5 Republicans Who Ran for President in 2016 and May Try Again in 2020

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Five Republicans who took a shot at the Presidency in 2016 may try for better luck in 2020. A large and promising field in 2016 didn't go quite as planned, but expect at least a couple of these rising stars to make another go at it. Jeb Bush, Rick Perry, John Kasich, and others are the least likely of the 2016 cast to make a return trip into presidential politics.

Ted Cruz

Pros - He has a huge and active fan base and is a genuine outsider and the legal career Barack Obama could have only dreamed of.

Finishing with the 2nd greatest number of pledges delegates in 2016 helps his case.

Cons - His flashy and headline-grabbing style was actually kidnapped by Donald Trump in 2016, and he never got it back. Establishment Republicans think he has no chance of winning and would work to undermine his campaign in the primary. And 2016 showed how Cruz would struggle to get to 50% of delegates. Even after being the last logical option to stop Trump, Republicans were slow to embrace him. He did well in Texas and mostly smaller caucus states, or states that chose delegates through a convention.

Rand Paul

Pros - Paul worked overtime on outreach campaigns with voting groups not typically associated with Republicans. His approach and public positioning has been very measured, and very much the opposite of his free-styling father. An that's a good thing. But...

Cons - Not being Ron Paul actually hurt, and he lost a chunk of his father's supporters to Trump.

Paul's flaws are most apparent in those occasional times where he reminds us of his dad, Ron Paul, with some of his statements. Reflecting poorly on Rand, dad also manages to drop the odd-ball comment on a regular basis, especially on foreign policy, making many fear the closeness of the apple and the tree.

He still raises some concerns with his foreign policy positions.


Marco Rubio

Pros - Perhaps the most gifted speaker on the Republican side, Rubio shines when he lays out his conservative vision for America. He is Catholic and Hispanic, two voting groups the GOP could use a voter-boost from. He toppled a popular Republican Governor in the 2010 US Senate race in Florida after being given little chance early on. He could be an acceptable candidate for both conservatives and moderates.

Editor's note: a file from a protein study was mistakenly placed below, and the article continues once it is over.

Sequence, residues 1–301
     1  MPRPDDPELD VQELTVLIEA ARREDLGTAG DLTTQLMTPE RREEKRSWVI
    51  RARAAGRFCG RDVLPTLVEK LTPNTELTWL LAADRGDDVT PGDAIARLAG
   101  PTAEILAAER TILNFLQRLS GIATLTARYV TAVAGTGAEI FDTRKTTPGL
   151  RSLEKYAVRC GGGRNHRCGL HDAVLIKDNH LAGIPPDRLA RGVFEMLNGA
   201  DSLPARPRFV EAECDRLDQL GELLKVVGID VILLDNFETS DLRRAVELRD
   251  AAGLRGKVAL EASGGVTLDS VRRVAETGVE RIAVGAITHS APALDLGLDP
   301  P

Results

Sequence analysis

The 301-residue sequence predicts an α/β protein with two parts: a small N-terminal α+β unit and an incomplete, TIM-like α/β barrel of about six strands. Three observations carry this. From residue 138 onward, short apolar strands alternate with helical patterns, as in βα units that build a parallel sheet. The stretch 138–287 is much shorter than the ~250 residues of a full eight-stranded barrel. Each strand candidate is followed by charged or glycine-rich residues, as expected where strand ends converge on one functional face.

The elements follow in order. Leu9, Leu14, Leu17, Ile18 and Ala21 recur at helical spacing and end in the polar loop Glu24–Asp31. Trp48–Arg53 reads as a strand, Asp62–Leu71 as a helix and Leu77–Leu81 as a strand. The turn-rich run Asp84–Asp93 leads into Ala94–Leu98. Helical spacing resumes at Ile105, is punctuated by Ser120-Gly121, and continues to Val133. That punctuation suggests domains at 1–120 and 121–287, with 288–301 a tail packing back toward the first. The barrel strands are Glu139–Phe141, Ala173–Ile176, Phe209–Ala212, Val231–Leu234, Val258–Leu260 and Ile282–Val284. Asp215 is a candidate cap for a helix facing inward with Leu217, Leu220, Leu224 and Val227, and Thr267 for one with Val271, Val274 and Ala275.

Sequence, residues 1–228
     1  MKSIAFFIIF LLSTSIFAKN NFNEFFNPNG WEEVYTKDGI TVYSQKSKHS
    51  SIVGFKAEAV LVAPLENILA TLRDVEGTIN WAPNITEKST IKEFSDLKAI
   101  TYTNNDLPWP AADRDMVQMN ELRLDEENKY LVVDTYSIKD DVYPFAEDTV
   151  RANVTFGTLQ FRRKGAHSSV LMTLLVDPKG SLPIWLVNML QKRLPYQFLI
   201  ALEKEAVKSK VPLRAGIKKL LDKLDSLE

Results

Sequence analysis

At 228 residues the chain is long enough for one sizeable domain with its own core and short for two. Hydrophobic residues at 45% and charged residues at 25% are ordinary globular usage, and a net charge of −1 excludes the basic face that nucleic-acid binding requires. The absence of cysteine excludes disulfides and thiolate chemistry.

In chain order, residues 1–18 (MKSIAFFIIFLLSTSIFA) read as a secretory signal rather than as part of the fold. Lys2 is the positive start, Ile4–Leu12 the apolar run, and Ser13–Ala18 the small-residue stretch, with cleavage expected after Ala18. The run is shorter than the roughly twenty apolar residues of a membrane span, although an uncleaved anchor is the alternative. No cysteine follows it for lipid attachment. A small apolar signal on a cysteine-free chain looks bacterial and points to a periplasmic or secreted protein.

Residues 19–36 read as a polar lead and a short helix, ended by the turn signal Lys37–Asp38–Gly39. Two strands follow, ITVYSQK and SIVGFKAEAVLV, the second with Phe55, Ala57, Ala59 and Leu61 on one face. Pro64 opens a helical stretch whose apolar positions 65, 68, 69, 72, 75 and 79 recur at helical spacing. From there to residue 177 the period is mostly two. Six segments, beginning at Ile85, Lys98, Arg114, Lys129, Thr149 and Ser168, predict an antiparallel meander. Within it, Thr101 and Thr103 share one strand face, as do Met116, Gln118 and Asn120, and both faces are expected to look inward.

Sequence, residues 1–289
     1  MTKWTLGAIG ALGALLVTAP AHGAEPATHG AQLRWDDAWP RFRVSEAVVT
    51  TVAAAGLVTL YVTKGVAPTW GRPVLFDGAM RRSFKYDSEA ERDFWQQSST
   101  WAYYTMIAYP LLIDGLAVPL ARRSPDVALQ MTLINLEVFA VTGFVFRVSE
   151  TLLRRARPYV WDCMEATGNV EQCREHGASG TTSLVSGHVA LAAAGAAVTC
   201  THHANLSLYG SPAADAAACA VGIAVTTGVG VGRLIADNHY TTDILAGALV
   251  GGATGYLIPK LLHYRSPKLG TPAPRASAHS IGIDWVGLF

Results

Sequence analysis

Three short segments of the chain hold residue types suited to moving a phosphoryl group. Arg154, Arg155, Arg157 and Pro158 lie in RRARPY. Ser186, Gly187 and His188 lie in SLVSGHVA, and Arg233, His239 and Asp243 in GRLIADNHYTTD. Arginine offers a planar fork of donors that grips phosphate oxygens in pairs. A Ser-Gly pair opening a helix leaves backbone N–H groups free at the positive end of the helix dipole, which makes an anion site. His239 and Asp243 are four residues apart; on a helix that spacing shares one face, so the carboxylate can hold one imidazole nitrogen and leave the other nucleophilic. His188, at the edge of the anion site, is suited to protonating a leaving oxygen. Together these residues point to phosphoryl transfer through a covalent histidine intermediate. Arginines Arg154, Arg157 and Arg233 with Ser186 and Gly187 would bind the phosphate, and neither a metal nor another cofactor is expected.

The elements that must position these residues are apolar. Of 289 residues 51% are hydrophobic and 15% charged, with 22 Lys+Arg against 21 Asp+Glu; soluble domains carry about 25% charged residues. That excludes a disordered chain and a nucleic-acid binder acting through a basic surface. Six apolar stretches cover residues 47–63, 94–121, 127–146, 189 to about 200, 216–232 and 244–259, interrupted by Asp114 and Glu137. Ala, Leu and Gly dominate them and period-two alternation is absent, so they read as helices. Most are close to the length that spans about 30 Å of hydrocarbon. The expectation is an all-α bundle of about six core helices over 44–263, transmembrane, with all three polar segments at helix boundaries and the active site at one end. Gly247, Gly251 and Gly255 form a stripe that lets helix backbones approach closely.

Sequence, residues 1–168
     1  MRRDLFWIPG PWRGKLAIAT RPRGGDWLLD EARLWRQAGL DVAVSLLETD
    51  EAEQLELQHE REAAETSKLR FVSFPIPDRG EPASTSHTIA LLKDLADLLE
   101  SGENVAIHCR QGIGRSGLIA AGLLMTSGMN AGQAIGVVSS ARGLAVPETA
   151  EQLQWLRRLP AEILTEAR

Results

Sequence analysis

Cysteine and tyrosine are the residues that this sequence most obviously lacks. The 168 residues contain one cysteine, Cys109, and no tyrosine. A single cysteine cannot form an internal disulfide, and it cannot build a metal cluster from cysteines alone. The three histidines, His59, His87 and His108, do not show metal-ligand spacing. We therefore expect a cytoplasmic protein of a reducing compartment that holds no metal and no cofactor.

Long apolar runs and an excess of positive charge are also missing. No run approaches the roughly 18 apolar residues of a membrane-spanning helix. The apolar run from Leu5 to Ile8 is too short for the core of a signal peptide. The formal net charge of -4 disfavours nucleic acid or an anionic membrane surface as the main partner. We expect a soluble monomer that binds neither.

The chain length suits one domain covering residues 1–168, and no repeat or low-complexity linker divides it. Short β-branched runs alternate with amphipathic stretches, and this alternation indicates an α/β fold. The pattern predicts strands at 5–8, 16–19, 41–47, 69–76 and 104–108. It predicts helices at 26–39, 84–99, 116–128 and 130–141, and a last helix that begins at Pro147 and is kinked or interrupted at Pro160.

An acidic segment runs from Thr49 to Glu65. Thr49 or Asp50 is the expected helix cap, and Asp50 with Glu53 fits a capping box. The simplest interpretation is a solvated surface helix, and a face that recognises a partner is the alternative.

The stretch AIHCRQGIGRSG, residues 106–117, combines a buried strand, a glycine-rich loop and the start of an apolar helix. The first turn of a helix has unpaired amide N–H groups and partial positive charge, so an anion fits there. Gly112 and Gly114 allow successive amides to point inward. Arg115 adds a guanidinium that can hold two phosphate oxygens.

Cons - Everyone targeted Rubio and ignored Trump in 2016, and Rubio left midway as the 3rd best-performing candidate. His push for immigration reform proved to be a setback. An exhausting 2016 race, where he couldn't catch a break, may have him staying in the private sector.

Chris Christie

Pros - None

Cons - Chris Christie endorsed Trump. Christie has shown a willingness to attack Republicans and conservatives, but rarely goes after Democrats. Would he be willing to go after Hillary Clinton? He has tried to have it both ways on many issues, including illegal immigration and gun control. He's vindictive and not very conservative. But he will also be finishing up his second term of governor and likely have little else to do.


Scott Walker

Pros - The Wisconsin Governor is about as Reaganesque as one could want. He has one two elections in "progressive" Wisconsin, including a union-driven recall election. He's pressed and succeeded in pushing a conservative agenda in an unlikely state. He is a little more low-key than most other Republicans, but that may be exactly what voters want in 2020. Walker will be coming off two terms as Governor, and may even have started a third term, if he decides to run for re-election.

Cons - He was viewed as too "vanilla" on the campaign trail in 2016 and dropped out long before the first contest. Today, politics is more about personality and emotions than how good at a particular job any candidate would be. More people thought Mitt Romney would be a better President than Obama had been, but they voted for him based on empathy.

Nobody even cared that Trump was getting crushed in poll after poll against Hillary.